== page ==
By Tabeenah Anjum

There have been continuous attempts by the ruling BJP to saffronise the education system and root out liberal influences. For this, the ruling dispensation is back to its preferred tool — rewriting history. The idea is clear that the party wants to spread its ideology and iconise its own leaders.

The recent revamping of the syllabus in the Rajasthan Board of Secondary Education (RBSE) text books has sparked fears of saffronisation of education. In the just-released text book of Class 10, Hindutva ideologue Veer Savarkar has been described as a great revolutionary and a great patriot. If popular view of the historians is to be believed, one cannot ignore that Savarkar featured in the chargesheet of the assassination of Mahatma Gandhi but was subsequently exonerated because no corroborative evidence of his involvement was furnished. It helped create the myth of Savarkar ’the brave’, as book lauds ‘lifelong sacrifices’ he made for the country’s independence and calls it ‘beyond words’.

While the book finds mention of non-cooperation, civil disobedience and the Quit India movements, it finds little space for Mahatma Gandhi, the man behind them all. Similarly, in political science text book for Class 11, the Congress has been described as a ‘nurtured baby of the British empire’. It says: “the party was established by the capitalists and representatives of the upper middle class.”

Interestingly, while the debate over Uniform Civil Code or demonetisation is still on, both find space in the books. In the political science textbook of Class 12, a then just a few month-old demonetisation was termed as a “campaign to wipe out black money” (Kale Dhan Ki Safai Abhiyan). Moreover, economics textbook has an entire chapter on it. Books also praise the foreign policies of Prime Minister Narendra Modi, especially those with reference to Pakistan.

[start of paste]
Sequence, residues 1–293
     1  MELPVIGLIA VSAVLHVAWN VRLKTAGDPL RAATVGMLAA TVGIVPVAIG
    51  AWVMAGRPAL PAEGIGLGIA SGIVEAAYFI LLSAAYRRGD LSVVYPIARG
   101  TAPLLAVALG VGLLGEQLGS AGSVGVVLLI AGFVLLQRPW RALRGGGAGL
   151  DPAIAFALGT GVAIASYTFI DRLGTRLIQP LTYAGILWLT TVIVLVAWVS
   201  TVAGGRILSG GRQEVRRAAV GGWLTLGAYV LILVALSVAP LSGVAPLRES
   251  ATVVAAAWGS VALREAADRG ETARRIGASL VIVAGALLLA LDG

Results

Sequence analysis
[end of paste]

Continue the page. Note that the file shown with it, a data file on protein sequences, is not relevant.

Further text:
The revision is not only confined to school textbooks, even the Rajasthan University books have seen some major changes in the last one year. While foreign authors were axed at the cost of including Gita in the course of Commerce department, History department too included a book in its bibliography ‘Maharana Pratap aur Haldighati Ka Yudh,’ which claims that Maharana Pratap defeated Akbar, a view supported by Education Minister Vasudev Devnani, a staunch believer of RSS ideology.

The minister is often accused of distorting history and facts after the iconic ‘Tryst with Destiny’ speech of Jawaharlal Nehru was removed from the revised social science textbook for Class 8. To rub salt into the wound, a chapter on Indira Gandhi’s Emergency period during 1975-77 was incorporated into the school syllabus vilify Congress.

Countering the charges, Congress’ former Union minister and writer Shashi Tharoor told DH: “History is almost always written by the winners — and in our country that often means the election winners. But historians have a responsibility to the truth, or at least to the facts. Teaching children distorted facts such as changing the result of a historic battle is a betrayal of the principles of education.”